u/Kibbert · 2 pointsr/xboxone

TP-Link AV600 Nano Powerline Adapter Starter Kit, up to 600Mbps (TL-PA4010KIT)

u/DaNPrS · 2 pointsr/HomeNetworking

How far are we talking? Will the reception be acceptable or do you thing a powerline would offer a more stable connection.

The "problem" with AC is that it's really only great on the 5GHz band. And the 5GHz band kind of sucks in terms of range. It's terrible at penetrating walls. On my AC set up I get 760Mbps connection, but this very quickly drops off once I walk out the router room. Sometimes even losing connection and having to switch to the older band.

By comparison, the 2.4GHz band is much better at range. But your speeds are going to be cut in more then half most likely.

u/zrouse · 2 pointsr/buildapc

I have this one and it works great. The speed will largely be determined by the home wiring setup and distance. I get near 95% efficiency with it one room away in a new building for example.

TP-LINK AV500 Nano Powerline Adapter Starter Kit, up to 500Mbps (TL-PA4010KIT)

u/TyroneTheWhiteWIzard · 2 pointsr/buildapcforme

Honestly, even though this goes against your preferences a bit, I would personally choose this over what you are asking for. Explanation below.

PCPartPicker part list / Price breakdown by merchant

CPU | Intel Core i5-4670K 3.4GHz Quad-Core Processor | $257.98 @ Newegg Canada
CPU Cooler | Corsair H100i 77.0 CFM Liquid CPU Cooler | $112.84 @ Amazon Canada
Motherboard | MSI Z97-GAMING 5 ATX LGA1150 Motherboard | $168.98 @ Newegg Canada
Memory | A-Data XPG V1.0 16GB (2 x 8GB) DDR3-1600 Memory | $157.98 @ Newegg Canada
Storage | PNY Optima 240GB 2.5" Solid State Drive | $123.32 @ TigerDirect Canada
Storage | Seagate Barracuda 3TB 3.5" 7200RPM Internal Hard Drive | $104.99 @ NCIX
Video Card | MSI Radeon R9 290 4GB TWIN FROZR Video Card (2-Way CrossFire) | $434.99 @ NCIX
Video Card | MSI Radeon R9 290 4GB TWIN FROZR Video Card (2-Way CrossFire) | $434.99 @ NCIX
Case | Corsair 750D ATX Full Tower Case | $149.98 @ Newegg Canada
Power Supply | SeaSonic X Series 850W 80+ Gold Certified Fully-Modular ATX Power Supply | $189.98 @ Newegg Canada
Optical Drive | Samsung SH-224DB/BEBE DVD/CD Writer | $15.79 @ DirectCanada
Operating System | Microsoft Windows 8.1 (OEM) (64-bit) | $99.79 @ DirectCanada
Monitor | AOC e2752Vh 60Hz 27.0" Monitor | $199.00 @ Canada Computers
| | Total
| Prices include shipping, taxes, and discounts when available | $2430.61
| Generated by PCPartPicker 2014-08-12 00:54 EDT-0400 |

Then get your peripherals.

This will perform perfectly to what you want to do.

An Intel I5 will not perform any differently from an I7 with what you are doing with it. No need to spend money for no reason.

You don't nee to buy thermal paste, it comes pre applied with the H100i.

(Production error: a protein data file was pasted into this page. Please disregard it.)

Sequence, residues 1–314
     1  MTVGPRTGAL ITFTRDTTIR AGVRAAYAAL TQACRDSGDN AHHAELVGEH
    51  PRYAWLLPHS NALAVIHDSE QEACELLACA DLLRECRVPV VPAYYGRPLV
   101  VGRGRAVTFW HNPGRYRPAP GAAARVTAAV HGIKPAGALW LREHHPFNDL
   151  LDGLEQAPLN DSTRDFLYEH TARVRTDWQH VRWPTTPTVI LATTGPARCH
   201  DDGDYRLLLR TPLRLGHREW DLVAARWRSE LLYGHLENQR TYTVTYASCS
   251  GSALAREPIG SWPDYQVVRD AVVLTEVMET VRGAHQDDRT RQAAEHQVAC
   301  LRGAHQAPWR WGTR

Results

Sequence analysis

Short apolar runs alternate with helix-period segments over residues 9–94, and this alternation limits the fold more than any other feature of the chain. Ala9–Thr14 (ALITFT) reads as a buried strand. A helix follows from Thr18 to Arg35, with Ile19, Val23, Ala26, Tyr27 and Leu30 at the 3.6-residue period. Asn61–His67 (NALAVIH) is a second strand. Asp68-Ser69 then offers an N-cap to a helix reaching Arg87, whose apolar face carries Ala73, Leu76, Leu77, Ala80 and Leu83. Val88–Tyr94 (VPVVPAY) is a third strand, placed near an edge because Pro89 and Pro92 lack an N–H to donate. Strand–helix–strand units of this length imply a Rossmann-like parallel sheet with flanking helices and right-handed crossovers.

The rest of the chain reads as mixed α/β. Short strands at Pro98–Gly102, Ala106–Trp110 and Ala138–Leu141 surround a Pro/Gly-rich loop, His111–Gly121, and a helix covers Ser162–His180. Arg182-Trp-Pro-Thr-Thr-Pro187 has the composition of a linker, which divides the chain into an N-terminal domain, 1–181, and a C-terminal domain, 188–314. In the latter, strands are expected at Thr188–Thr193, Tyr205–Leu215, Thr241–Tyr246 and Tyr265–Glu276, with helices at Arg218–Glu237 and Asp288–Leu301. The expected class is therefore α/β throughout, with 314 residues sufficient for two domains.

Better Motherboard, if you want to you can upgrade to the Gaming 7 but it has almost no difference.

Cheaper SSD for the same performance.

Dual R9 290s are more powerful than a single 290x, obviously, you can still get away with a single r9 290 and it will still destroy the games you want to play, but for a budget so large no need not to, just don't go 3-4 way crossfire, it is a waste of money, power, and is crazy on heat.

1000 watts is unnecessary, 850 is still overkill really.

Cheaper optical drive, this really doesn't matter.

Windows 8.1 is so much better than 7, you can download a couple programs to change the layout back to 7, and it has better performance, and it supports more games, and more future games.

You can get the same monitor really, but this one is cheaper, if you want 1 less milisecond response time (unnoticable) and 144hz instead of 60 go right ahead.

Sound cards are snake oil, don't buy any at all.

Ethernet is much much better than wireless. You can either connect via an ethernet cord, or if you are setting up in another room from your modem, use [powerline] (, you plug one end into an outlet near your modem, and connect an ethernet cord, then the other end in an outlet near your computer, then an ethernet from that to your computer, it provides ethernet like speed without a cord running around your house. Also if you do get wireless, you only need one, not two adapters.

You don't need speakers, both the monitor you chose and the one I chose have them built in.

I can make this even cheaper and keep enough performance to dominate current games if you want, just PM me if you have any questions.

u/kiwiandapple · 2 pointsr/buildapcforme

On board sound on most Z170 motherboards is very acceptable in terms of quality these days.
It does depends a lot on what your audio "gear" is, what headphones/headset? Some headphones are pretty demanding in terms of power that is needed to get the most out of them. With power I mean the ohms / impedance level. If you go above the 100 Ohms, you need to have a pretty good Amplifier (AMP) on board to be able to get the headphones to provide the music that's intended to get out of them.

There are just a few motherboards that really put a lot of emphasis on the on-board audio, such as the Gigabyte Z170X Gaming 5.
That motherboard is able to power 600 impedance / ohm headphones. Which are considered the top tier headphones. There are only a handful, very expensive headphones that go above this impedance level.
It also got 2 USB ports that are designed for external DAC/AMPs. The yellow ones to be exact, those ports are designed so that they provide very clean power. Which improves the signal clarity. It's not extremely noticeable in most cases, but especially compared to older motherboards, it's can be a dramatic improvement.
Than lastly, this motherboard got an AMP on it that you can swap out for other ones, in case you don't like the sound signature that this one provides. So absolutely a motherboard that is designed with audio very much in mind.